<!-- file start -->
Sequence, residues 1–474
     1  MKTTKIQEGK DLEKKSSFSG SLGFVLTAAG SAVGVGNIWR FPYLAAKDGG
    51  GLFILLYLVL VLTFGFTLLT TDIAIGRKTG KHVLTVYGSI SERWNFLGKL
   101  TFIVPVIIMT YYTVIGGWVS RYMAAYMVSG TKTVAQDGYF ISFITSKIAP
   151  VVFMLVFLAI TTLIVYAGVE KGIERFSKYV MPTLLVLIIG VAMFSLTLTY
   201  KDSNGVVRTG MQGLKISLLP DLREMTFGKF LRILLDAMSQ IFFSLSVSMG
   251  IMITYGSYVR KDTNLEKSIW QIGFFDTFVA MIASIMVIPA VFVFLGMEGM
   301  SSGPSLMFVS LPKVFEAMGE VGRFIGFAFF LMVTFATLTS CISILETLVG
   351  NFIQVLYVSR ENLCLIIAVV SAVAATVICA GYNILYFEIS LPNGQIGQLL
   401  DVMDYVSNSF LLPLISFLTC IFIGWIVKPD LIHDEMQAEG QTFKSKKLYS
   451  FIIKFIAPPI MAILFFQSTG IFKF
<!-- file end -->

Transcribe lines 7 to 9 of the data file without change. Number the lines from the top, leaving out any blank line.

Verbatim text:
   251  IMITYGSYVR KDTNLEKSIW QIGFFDTFVA MIASIMVIPA VFVFLGMEGM
   301  SSGPSLMFVS LPKVFEAMGE VGRFIGFAFF LMVTFATLTS CISILETLVG
   351  NFIQVLYVSR ENLCLIIAVV SAVAATVICA GYNILYFEIS LPNGQIGQLL